The record number of rejection letters sent out by colleges this spring is heartbreaking. But what many students—and colleges—are finding more agonizing is the record number of applicants on wait lists. The share of schools using wait lists appears to be rising from last year's 40 percent, and many schools have significantly increased the number of students who will have to wait until May, June, or even later to get a final acceptance or rejection. (Tips for getting off the wait list and onto campus are online at usnews.com/waitlist.)
Ohio State University had no wait list last year but put 600 students in admissions limbo this spring as a buffer against economic troubles that might cause admitted students to choose cheaper colleges or work. The University of Vermont increased its list by about 20 percent to more than 3,000, for similar reasons.
The University of Pennsylvania placed 2,300 students on its wait list—up more than 500 from last year. Some of its Ivy League competitors stopped admitting students early and increased their financial aid, making it more difficult for Penn to predict which school that students accepted at several colleges will choose.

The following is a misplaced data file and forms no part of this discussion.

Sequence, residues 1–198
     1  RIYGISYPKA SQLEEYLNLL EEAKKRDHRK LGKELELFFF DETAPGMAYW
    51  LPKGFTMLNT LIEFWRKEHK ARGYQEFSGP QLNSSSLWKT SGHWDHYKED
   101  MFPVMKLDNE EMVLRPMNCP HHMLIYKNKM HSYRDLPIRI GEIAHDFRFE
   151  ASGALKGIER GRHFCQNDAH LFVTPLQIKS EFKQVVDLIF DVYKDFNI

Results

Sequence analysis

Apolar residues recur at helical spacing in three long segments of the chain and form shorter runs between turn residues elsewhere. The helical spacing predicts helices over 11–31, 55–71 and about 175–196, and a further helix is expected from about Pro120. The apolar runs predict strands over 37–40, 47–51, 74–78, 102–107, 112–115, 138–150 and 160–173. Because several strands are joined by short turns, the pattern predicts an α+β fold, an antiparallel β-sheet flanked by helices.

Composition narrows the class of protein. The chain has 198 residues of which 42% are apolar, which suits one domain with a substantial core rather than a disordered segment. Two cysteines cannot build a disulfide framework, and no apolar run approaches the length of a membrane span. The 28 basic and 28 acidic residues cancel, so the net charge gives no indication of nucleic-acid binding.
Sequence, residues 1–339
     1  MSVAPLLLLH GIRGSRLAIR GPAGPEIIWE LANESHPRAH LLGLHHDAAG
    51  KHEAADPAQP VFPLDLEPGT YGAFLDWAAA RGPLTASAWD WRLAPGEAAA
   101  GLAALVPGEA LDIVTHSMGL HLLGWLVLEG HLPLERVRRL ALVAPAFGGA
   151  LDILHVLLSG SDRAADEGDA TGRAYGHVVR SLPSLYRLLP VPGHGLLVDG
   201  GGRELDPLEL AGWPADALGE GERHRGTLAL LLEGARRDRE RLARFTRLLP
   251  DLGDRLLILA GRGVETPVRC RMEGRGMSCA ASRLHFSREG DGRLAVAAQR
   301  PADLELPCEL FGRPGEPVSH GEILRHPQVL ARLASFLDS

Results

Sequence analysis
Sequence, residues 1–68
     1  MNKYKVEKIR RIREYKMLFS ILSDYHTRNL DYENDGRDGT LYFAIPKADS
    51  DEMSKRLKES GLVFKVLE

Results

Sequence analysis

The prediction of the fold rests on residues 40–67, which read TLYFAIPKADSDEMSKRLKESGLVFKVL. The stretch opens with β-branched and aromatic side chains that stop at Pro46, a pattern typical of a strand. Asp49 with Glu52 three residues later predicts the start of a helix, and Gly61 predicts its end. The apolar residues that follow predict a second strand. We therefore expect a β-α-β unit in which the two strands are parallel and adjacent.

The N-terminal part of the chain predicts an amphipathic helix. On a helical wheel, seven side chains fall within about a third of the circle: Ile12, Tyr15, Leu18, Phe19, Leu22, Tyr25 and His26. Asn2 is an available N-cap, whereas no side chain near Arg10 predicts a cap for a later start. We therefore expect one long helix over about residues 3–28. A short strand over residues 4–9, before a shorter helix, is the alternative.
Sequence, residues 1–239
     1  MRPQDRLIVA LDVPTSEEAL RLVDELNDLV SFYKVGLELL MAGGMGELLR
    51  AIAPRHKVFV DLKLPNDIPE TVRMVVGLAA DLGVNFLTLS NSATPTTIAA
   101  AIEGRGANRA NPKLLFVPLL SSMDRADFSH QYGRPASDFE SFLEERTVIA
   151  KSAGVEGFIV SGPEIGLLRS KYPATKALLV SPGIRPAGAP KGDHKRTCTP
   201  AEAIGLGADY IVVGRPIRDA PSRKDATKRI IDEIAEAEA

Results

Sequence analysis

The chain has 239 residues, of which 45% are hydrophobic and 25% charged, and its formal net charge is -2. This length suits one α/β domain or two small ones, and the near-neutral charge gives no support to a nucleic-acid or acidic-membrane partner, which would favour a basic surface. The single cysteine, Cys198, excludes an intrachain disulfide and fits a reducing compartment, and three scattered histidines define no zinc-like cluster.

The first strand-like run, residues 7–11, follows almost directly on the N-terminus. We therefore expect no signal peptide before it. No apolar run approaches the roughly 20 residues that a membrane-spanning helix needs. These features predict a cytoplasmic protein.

"I do feel for them," Eric Kaplan, Penn's interim admissions director, says of this year's wait-listed applicants. Admissions officers now have to sift through pleas from students who—in their efforts to be among the 30 percent of wait-listers who get delayed acceptance letters—often submit more than just the preferred single well-written letter of continued interest. "Don't send roses. No chocolate. It doesn't work," Kaplan says.